- The encrypted messaging app Telegram has abandoned its cryptocurrency project after a months-long court battle with the Securities and Exchange Commission (SEC), the company’s founder and chief executive, Pavel Durov, wrote in a blog post.
- The company caught the SEC's attention when it raised $1.7 billion from investors, promising them it would distribute its tokens, called Grams, once it develops the blockchain software.
- A federal judge in March issued a preliminary injunction barring the launch of the company's Telegram Open Network (TON) platform. "The Court ... finds that the delivery of Grams to the Initial Purchasers, who would resell them into the public market, represents a near certain risk of a future harm, namely the completion of a public distribution of a security without a registration statement," Judge Kevin Castel of the U.S. District Court for the Southern District of New York, wrote in his decision, according to Cointelegraph.
The crypto project's demise — and Durov's comments announcing it — cast a spotlight on the U.S.'s influence on the global financial system.
"We are still dependent on the United States when it comes to finance and technology," Durov wrote, according to The Wall Street Journal. "This may change in the future. But today, we are in a vicious circle: you can't bring more balance to an overly centralized world exactly because it’s so centralized."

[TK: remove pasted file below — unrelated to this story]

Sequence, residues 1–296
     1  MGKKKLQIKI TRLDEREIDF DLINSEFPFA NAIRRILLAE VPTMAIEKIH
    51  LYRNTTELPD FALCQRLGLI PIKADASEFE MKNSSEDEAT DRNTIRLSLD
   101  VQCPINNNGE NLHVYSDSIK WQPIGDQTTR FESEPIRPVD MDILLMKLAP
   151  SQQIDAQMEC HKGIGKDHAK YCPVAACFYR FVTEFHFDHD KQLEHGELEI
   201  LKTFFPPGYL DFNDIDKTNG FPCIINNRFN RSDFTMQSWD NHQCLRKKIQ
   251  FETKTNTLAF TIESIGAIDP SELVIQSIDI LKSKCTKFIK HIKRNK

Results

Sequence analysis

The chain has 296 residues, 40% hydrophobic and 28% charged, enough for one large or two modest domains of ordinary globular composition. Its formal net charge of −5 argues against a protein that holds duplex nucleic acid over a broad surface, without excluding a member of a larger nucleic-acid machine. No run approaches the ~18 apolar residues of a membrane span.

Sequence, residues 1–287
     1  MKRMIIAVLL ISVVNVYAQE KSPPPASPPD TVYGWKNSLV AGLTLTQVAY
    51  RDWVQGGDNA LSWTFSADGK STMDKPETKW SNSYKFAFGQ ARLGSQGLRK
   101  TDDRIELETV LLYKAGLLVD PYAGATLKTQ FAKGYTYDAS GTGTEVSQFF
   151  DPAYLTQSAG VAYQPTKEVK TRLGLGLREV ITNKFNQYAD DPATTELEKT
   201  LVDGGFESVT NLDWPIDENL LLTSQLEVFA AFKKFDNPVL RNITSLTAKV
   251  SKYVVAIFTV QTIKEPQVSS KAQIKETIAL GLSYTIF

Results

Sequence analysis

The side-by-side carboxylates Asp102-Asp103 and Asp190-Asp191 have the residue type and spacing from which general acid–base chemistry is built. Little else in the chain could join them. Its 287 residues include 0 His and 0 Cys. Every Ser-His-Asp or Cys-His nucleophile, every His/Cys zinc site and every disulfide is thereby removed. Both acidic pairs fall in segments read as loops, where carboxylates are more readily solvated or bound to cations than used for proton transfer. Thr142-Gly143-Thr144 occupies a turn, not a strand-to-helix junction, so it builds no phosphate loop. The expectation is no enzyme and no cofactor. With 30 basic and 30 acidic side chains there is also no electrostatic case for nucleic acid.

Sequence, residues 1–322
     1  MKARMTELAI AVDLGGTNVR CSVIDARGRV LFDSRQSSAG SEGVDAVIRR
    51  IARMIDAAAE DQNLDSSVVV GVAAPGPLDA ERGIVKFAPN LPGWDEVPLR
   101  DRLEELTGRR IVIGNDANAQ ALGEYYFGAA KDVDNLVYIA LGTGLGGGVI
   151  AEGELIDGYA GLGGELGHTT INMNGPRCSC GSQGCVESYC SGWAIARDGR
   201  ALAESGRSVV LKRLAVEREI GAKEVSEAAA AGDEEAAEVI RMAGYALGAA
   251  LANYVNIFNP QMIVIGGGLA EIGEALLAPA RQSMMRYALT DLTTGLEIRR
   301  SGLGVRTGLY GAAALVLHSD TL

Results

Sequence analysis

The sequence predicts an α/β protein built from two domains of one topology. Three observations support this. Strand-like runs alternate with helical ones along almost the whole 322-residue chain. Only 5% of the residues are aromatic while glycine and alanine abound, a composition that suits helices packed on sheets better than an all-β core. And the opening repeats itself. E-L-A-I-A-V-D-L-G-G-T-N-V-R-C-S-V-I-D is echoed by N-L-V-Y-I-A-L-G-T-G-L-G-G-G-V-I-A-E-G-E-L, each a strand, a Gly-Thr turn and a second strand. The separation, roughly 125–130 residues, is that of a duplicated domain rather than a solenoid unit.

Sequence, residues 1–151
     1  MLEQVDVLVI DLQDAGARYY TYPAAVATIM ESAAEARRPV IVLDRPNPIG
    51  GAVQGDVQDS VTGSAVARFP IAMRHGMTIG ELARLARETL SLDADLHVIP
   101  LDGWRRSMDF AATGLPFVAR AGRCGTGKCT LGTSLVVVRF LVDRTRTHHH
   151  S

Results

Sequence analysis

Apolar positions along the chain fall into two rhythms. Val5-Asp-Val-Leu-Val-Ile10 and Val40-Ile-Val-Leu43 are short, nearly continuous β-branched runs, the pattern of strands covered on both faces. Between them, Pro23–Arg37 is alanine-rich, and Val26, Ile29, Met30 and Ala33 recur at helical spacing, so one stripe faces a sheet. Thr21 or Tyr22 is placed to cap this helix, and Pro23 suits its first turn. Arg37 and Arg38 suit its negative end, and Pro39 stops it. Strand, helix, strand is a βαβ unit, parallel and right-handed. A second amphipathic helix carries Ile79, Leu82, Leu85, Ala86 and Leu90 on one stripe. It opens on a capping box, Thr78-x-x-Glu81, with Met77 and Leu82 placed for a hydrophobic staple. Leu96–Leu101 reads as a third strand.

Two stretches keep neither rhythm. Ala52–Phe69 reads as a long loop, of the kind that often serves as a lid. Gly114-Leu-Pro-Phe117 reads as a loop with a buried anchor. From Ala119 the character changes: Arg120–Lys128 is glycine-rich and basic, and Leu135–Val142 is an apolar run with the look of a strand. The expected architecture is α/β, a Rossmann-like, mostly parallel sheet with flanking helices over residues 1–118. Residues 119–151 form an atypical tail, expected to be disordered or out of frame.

The SEC filed an emergency action in October and obtained a temporary restraining order against Telegram, arguing that, because the company’s tokens function as securities, they should have registered with the regulator.
A judge in January denied the SEC’s attempt to force Telegram to reveal its bank records — and thus how it spent its investors' $1.7 billion.
Telegram appealed the judge's March decision and vowed to roll out the TON platform by April 2021, offering investors a $1.2 billion refund or 110% a year after launch, according to TechCrunch.
Bart Stephens, co-founder and managing partner of crypto investment firm Blockchain Capital, told The Wall Street Journal the Telegram case is indicative of the offshore movement of innovation in blockchain and financial technology. "Founders are moving projects outside of the U.S. and many projects are blocking U.S. investors, even sophisticated [venture capital] firms," he said. "China is likely the ultimate beneficiary."
Durov aired his frustration in his blog post, comparing his company's potential to a gold mine.
"Imagine that several people put their money together to build a gold mine – and to later split the gold that comes out of it," he wrote, according to TechCrunch. "Then a judge comes and says: 'These people invested in the gold mine because they were looking for profits. And they didn't want that gold for themselves, they wanted to sell it to other people. Because of this, they are not allowed to get the gold.'
"This is exactly what happened with TON (the mine) and Grams (the gold)," Durov added. "A judge used this reasoning to rule that people should not be allowed to buy or sell Grams like they can buy or sell Bitcoins."
Telegram, which announced last month that it serves 400 million monthly users, is continuing operations and the SEC lawsuit remains active.
"We are leaving it to the next generation of entrepreneurs and developers to pick up the banner and learn from our mistakes," Durov wrote, according to Bloomberg. "We hope that you succeed where we have failed."